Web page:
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My laptop messed up it’s macOS partition format when it tried to upgrade to Monterey yesterday. I deleted the GPT table so that I could rebuild it, but had to use fdisk to get rid of the “suspect mbr” issue that would not let me add a partition.

The issue now is that when I try to use gpt create -f /dev/disk2, it says that there is “no room for the PMBR”. I am stuck here since even trying to use the -f flag doesn’t solve it. I have a picture of GPT showing all of my partitions before I deleted the tables, but now I can not seem to recreate it.

Any help would be appreciated. The drive was used for Windows and macOS but honestly it is just the files on the APFS partition that I need back.

EDIT 1: Here is the result of fdisk /dev/disk1. I rebooted the computer that I am trying to recover with (booting from different drive) and disk2 became disk1 after the reboot. Same issue persists. enter image description here

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  • Does fdisk even know what APFS is? Maybe see apple.stackexchange.com/questions/366792/…
    – Tetsujin
    Mar 17, 2022 at 17:44
  • MacBook1: Can you post the picture? Can you post the output from fdisk /dev/disk2? I also would suspect that disk2 is the wrong disk. Mar 17, 2022 at 18:23
  • @DavidAnderson I added the screenshot to my post. Disk2 was for sure the correct disk. I used fdisk in an attempt to create a new MBR to overwrite the troublesome one so that I could then delete it but this didn’t work out obviously. It was based on another forum post from years ago.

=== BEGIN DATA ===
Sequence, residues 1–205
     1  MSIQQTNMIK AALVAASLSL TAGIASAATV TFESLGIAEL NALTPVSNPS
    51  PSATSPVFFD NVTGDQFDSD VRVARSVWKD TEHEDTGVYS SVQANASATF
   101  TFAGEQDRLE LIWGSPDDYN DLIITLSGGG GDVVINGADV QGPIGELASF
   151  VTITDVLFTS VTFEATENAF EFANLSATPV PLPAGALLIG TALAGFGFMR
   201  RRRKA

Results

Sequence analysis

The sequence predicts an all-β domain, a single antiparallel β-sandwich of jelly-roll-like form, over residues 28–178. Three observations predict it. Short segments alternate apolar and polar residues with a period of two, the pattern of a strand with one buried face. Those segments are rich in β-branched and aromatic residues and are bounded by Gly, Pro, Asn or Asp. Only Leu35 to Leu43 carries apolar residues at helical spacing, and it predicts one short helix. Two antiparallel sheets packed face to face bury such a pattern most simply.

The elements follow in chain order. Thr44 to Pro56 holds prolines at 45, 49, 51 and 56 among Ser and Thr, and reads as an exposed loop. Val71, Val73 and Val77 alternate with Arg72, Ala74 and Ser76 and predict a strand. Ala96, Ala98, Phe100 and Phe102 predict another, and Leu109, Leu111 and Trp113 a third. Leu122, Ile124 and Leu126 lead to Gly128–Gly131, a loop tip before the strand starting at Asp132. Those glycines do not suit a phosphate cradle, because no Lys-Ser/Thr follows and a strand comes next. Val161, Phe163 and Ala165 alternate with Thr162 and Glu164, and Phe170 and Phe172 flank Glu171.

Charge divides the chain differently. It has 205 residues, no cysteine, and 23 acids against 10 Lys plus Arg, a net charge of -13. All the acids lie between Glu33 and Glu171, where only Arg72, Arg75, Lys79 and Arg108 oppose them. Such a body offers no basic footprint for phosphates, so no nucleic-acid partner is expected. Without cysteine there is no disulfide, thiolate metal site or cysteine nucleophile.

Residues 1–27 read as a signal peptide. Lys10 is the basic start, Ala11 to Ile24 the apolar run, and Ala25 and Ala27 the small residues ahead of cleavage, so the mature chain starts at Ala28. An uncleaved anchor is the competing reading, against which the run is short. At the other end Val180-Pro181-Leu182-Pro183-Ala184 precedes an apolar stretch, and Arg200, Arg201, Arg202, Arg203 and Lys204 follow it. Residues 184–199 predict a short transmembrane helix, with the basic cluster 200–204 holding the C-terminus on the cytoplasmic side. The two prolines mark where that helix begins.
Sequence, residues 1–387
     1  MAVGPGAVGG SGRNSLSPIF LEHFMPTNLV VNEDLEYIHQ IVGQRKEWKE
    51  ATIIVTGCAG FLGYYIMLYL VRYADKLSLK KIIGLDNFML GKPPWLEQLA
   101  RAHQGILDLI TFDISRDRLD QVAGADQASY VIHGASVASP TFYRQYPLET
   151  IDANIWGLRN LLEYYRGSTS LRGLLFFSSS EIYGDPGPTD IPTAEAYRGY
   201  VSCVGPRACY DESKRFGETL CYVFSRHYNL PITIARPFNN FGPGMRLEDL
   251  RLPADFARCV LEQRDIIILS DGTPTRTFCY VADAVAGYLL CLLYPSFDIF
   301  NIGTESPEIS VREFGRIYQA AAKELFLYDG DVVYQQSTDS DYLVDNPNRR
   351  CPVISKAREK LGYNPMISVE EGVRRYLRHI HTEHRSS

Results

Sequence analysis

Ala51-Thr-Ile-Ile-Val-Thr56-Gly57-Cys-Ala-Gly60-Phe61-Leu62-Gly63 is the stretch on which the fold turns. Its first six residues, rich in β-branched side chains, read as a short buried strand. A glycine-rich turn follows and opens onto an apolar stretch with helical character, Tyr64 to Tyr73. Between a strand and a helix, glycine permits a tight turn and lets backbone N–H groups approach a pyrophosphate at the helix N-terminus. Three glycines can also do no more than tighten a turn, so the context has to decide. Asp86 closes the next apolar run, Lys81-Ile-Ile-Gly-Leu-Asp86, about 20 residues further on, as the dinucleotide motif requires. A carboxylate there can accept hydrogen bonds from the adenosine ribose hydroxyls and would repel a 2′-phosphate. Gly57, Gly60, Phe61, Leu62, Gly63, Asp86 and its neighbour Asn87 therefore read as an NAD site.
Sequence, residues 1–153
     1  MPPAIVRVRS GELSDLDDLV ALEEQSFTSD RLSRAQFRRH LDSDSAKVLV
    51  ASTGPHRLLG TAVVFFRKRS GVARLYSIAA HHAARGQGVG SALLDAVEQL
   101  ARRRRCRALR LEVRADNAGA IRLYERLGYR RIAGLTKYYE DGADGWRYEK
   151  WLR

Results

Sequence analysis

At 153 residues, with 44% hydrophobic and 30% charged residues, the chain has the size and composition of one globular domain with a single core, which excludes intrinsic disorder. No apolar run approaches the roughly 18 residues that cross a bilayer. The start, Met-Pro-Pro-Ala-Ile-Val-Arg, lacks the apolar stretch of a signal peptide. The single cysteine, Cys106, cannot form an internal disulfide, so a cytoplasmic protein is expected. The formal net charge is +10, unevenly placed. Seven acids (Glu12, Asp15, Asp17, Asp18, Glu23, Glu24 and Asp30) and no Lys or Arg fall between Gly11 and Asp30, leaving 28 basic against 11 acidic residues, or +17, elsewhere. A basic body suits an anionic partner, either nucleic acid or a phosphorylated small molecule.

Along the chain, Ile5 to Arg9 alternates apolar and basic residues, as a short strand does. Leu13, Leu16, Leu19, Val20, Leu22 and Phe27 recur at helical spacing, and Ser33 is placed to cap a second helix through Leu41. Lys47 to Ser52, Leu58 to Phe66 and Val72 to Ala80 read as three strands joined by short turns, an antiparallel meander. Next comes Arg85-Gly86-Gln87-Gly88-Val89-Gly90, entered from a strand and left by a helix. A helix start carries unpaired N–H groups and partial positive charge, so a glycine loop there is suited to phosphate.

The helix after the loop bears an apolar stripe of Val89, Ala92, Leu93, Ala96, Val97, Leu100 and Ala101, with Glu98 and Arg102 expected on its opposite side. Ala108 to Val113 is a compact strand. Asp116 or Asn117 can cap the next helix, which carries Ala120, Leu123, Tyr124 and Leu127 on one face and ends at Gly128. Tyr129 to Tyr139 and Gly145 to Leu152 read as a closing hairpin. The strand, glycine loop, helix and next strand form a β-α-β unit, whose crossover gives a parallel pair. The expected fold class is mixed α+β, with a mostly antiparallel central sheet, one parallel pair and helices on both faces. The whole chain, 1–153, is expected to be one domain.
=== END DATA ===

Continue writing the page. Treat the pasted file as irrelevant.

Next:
– MacBook1
    Mar 18, 2022 at 7:32

1 Answer 1

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One possible list of commands that could create your problem is given below.

diskutil unmountdisk disk1
gpt destroy /dev/disk1
fdisk -i -y -a hfs /dev/disk1

Entering the command

gpt create -f /dev/disk1

would then produce the following error message.

gpt create: disk1: error: no room for the PMBR

One possible fix would be to write zeros to the MBR. The command is given below.

dd if=/dev/zero count=1 of=/dev/disk1

Entering the command

fdisk /dev/disk1

would now produce the following output.

Disk: /dev/disk1    geometry: 60801/255/63 [976773168 sectors]
Signature: 0x0
         Starting       Ending
 #: id  cyl  hd sec -  cyl  hd sec [     start -       size]
------------------------------------------------------------------------
 1: 00    0   0   0 -    0   0   0 [         0 -          0] unused      
 2: 00    0   0   0 -    0   0   0 [         0 -          0] unused      
 3: 00    0   0   0 -    0   0   0 [         0 -          0] unused      
 4: 00    0   0   0 -    0   0   0 [         0 -          0] unused      

You should now be able to enter the command given below.

gpt create -f /dev/disk1

Afterwards, entering the command

fdisk /dev/disk1

should produce the following output.

Disk: /dev/disk1    geometry: 60801/255/63 [976773168 sectors]
Signature: 0xAA55
         Starting       Ending
 #: id  cyl  hd sec -  cyl  hd sec [     start -       size]
------------------------------------------------------------------------
 1: EE 1023 255  63 - 1023 255  63 [         1 -     976773167] <Unknown ID>        
 2: 00    0   0   0 -    0   0   0 [         0 -          0] unused      
 3: 00    0   0   0 -    0   0   0 [         0 -          0] unused      
 4: 00    0   0   0 -    0   0   0 [         0 -          0] unused      

 

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  • Spot on! Not only did you save my files but the machine is booting as usual. Thank you!
    – MacBook1
    Mar 18, 2022 at 20:49

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